Food and general retailers alike climbed over the week but failed to match the rise clocked up by the market overall.
After the sell-off following its first-half results, online grocer Ocado was the week’s biggest winner, helped by director share-buying. HMV was the big loser as analysts pondered its recovery prospects.
Although retailers such as Debenhams bucked the gloomy trend on the high street, concerns remain about prospects and valuations even though retailers are underperforming the market.
Broker Numis said: “Despite the historically low valuations, we are cautious given the downside risk to earnings and the limited near-term earnings growth potential, and expect to see sector share prices make little progress this year.”
The pressure on shoppers’ spending power was evident in the latest BRC-Nielsen shop price inflation data.
Shore Capital warned: “Overall, inflationary pressures can be expected to eat into consumers’ purses and wallets for a few quarters yet, may even deteriorate further, before tailing off in 2012.”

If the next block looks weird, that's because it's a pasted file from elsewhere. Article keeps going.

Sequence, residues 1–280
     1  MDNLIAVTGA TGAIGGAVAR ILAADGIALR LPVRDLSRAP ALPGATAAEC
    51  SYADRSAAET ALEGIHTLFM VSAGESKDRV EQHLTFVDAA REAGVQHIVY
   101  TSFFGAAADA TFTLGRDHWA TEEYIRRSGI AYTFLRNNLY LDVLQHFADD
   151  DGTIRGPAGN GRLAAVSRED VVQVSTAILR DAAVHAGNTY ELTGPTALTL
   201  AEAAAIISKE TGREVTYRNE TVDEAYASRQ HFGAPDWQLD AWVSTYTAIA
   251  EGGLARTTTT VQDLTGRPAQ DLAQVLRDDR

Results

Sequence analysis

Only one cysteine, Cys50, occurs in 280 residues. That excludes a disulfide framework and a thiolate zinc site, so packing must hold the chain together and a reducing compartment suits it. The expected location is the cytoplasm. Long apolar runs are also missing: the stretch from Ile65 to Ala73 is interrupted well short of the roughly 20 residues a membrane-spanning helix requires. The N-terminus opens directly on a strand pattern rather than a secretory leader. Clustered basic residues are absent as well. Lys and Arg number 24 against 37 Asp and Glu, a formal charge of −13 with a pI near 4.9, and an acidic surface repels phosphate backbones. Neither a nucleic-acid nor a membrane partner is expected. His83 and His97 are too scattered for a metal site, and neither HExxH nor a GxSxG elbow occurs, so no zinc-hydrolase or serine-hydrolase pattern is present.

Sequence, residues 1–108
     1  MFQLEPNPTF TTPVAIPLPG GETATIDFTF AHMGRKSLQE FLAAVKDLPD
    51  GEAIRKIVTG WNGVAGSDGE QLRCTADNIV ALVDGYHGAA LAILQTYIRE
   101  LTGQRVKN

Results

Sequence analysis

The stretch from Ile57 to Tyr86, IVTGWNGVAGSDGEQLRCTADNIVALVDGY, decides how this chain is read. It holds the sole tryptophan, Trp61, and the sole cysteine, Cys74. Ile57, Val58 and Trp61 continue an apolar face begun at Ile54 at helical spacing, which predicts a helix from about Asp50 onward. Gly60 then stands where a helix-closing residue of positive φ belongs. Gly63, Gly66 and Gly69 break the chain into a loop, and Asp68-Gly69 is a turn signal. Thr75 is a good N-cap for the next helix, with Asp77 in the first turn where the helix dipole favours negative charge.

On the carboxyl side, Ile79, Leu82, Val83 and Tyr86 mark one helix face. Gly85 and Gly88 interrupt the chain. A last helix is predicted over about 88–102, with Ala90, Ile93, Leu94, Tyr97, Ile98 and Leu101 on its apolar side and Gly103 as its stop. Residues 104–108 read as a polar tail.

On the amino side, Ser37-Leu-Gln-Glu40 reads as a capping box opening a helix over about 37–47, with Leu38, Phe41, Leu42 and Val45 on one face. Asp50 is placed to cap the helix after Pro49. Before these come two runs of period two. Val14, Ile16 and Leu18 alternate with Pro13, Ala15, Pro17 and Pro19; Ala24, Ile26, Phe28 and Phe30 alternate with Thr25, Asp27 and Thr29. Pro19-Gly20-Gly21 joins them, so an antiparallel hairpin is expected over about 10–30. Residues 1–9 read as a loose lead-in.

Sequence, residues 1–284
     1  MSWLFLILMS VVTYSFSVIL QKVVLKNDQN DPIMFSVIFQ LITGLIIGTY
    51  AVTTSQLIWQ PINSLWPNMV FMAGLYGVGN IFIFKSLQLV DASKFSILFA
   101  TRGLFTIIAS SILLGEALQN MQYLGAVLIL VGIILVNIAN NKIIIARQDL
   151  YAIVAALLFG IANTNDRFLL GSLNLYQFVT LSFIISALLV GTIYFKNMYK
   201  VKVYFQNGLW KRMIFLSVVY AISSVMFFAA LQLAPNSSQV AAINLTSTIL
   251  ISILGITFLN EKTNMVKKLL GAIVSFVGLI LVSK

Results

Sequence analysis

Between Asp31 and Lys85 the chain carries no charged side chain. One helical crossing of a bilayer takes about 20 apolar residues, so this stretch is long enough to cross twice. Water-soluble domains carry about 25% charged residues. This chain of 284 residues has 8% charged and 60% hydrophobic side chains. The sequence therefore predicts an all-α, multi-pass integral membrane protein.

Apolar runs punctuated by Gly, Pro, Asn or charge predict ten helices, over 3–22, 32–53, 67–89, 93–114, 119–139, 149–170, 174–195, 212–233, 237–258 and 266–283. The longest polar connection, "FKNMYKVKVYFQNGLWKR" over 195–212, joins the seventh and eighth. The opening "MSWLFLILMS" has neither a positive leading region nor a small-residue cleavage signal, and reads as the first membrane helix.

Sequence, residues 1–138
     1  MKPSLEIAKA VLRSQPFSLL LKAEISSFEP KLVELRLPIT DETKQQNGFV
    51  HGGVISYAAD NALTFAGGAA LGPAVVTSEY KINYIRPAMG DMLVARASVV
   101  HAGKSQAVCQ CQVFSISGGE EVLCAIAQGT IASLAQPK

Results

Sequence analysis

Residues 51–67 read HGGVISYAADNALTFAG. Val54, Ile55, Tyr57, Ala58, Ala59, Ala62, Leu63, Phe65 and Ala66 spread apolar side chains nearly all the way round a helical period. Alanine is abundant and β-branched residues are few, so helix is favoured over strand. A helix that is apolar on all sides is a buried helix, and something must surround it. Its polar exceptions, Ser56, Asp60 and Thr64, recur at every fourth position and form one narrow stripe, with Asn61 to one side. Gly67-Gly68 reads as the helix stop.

Sports Direct surprised with the £7m acquisition of a majority stake in fashion retailer USC from tycoon Sir Tom Hunter. Sports Direct has now established a premium and luxury lifestyle division as it pushes into new business fields. Broker Singer said the deal gives Sports Direct “entry into the fashion and luxury end of the clothing market at a low price”.
Kesa shareholder Knight Vinke dismissed speculation that it was opposed to the group’s potential sale of Comet.Possible buyers are casting their slide-rules over Comet but some of the interest is understood to be very tentative as they scratch their heads about whether they could turn the electricals retailer around.
Elsewhere in electricals, Dixons chairman John Allan bought a tranche of shares and bonds. Arden observed: “No doubt this is his way of saying that there is no doubt about Dixons’ ability to repay the bonds next year, etc, despite the doubts about Dixons’ weak trading and balance sheet.
“The only bad news is that this means that Dixons can’t be in active bid talks with Best Buy, despite recent rumours, because if they were he’d be an insider.”
Marks & Spencer’s update next week will be a key opportunity to take the sector’s temperature. The retailer is one of Espirito Santo’s
‘silver bullet’ stocks. The broker argued: “Increased capex, product rebranding and merchandising will complement improved efforts in international and online, driving the target of £1bn to £1.5bn of additional sales and, importantly, returns.”